Wednesday, 19 June 2013

Cara Luft - Kitchen Garden Cafe, King's Heath, Birmingham Tuesday 18th June 2013

There are certain moments attending gigs when all the ingredients are blending so well that you wish the whole experience could be bottled and savoured for future consumption. In what was certainly one of the highlights so far of this busy year, Cara Luft managed to create such a moment with her subliminal mix of high quality musicianship, enchanting stories, well crafted songs and engaging personality. When you throw into the pot the enhancing input from musical sidekick Scott Poley and the magical atmosphere of a near full Kitchen Garden Café, the desire to seek ways to capture the atmosphere intensifies. Those present will always have the memory while others hopefully can visualise and perhaps experience for themselves one of Cara’s UK shows, which are likely to proliferate in the future.

With a pedigree background from a family steeped in folk music back home in Canada, Cara has managed to evolve a sound that pays respect to the traditional song from both sides of the Atlantic. However as well as connecting with folk fans, the contemporary twist from her song writing expertise as well as banjo and guitar playing reaches out to the wider Americana fan base and you can’t go wrong with the subtle Dobro playing which Scott adds to equation. For nearly two hours, spread across a pair of sets, this value for money evening met and surpassed expectations from witnessing Cara live last year.

Perhaps the only slight drawback was the absence of some new material but plans are in place to rectify this in the near future. In the meantime the fantastic album DARLINGFORD which despite only just getting a European release, has been in the collection of many of Cara’s fans for over a year, was a worthy source for most of the material populating the set list. Within the first half a dozen songs, firm favourites such as ‘Idaho’, ‘Charged’ and ‘My Darling One’ were featured with the latter two subject to the first of several invited audience participations that graced the evening.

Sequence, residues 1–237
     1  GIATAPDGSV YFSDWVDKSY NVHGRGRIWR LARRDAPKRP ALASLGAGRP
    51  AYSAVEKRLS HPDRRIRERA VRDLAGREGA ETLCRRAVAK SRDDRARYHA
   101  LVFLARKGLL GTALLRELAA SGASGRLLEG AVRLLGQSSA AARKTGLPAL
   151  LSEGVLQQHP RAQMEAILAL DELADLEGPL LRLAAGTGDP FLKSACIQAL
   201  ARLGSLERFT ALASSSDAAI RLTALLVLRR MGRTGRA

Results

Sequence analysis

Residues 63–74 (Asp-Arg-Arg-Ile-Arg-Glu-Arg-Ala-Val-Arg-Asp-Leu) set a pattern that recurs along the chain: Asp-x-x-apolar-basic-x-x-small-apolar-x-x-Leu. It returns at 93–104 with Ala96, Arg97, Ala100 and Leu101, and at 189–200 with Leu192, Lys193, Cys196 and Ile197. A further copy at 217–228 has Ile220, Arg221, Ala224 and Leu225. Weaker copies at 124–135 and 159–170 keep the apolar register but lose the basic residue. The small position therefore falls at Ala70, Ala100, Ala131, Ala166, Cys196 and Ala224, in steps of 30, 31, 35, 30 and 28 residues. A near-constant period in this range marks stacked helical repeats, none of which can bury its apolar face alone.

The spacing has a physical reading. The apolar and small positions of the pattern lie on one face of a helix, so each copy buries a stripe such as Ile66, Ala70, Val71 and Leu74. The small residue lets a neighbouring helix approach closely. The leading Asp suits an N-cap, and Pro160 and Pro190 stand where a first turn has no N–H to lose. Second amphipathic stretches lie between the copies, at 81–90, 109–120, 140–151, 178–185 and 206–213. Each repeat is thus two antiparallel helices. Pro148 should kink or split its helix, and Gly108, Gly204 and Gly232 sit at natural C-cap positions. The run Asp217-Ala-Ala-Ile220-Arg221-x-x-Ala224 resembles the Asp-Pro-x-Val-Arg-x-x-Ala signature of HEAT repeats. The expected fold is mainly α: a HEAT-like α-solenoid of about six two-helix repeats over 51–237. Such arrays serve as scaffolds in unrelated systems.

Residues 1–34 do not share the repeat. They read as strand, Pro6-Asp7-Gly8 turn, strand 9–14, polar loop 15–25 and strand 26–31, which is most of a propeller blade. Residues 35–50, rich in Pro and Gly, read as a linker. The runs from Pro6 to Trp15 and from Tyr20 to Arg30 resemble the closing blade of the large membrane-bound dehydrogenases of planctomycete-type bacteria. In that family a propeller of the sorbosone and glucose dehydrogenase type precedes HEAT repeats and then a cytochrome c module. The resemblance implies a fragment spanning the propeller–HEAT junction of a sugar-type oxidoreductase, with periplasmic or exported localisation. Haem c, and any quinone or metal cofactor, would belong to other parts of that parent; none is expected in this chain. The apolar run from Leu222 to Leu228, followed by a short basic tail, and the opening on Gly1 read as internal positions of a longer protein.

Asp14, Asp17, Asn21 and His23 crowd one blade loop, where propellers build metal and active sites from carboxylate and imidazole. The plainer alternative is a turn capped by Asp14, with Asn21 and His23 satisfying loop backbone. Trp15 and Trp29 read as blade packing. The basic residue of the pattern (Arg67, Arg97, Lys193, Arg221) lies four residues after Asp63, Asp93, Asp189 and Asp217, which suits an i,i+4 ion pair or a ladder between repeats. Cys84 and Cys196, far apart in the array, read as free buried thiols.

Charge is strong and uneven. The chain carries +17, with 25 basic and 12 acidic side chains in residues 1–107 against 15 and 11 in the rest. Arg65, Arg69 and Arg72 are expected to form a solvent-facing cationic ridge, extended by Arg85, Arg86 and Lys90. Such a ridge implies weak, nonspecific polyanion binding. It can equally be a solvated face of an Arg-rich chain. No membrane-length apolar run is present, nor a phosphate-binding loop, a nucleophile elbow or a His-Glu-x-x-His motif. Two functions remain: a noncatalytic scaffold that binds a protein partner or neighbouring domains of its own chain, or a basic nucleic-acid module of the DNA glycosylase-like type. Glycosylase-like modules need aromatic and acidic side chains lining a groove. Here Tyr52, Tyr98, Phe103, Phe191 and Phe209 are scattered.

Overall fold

Occasionally, Scott would step aside to allow Cara to take the spotlight where we could focus intensely on her musicianship especially the claw hammer banjo playing skills. However his presence on acoustic guitar, Dobro and backing vocals took the show to an elevated level from what Cara was able to deliver solo when witnessed and reviewed last year. The jovial interaction between the duo increased after the break as tales were recounted of their German adventures and on a more sombre note Cara spoke about the background to the song ‘Dallaire’ and its relation to the Rwanda atrocities. Despite this brief thoughtful interlude, the vibes filling the brick-walled venue echoed with an air of positivity, best exemplified on ‘It’s Gonna Be Alright’.

Those Kitchen Garden Café regulars attracted to its traditional offerings were delighted with ‘The Ploughboy and the Cockney’, of which Cara proudly enthused that her version is only accompanied as a recording with one by Maddy Prior, and the slightly re-arranged ‘He Moved Through the Fair’. Americana enthusiasts, who associate Cara via her tenure as part of the Canadian super group The Wailin’ Jennys, could relate to the imagery of her description and adventures from travelling either side of the 49th Parallel as well as a vocal style that varied from classical folk to a slight twang more commonly found in our visitors from across the pond.

The parting shot from this excellent show is the mouth watering prospect of some of Cara’s future projects including the ABC of Canadian Music with Awna Teixeira from Po Girl and Brandy Zdan from Twilight Hotel, along with some promised new recordings. If either of these matches the high standard of both this evening’s gig and the DARLINGFORD album then we are in for a real treat.

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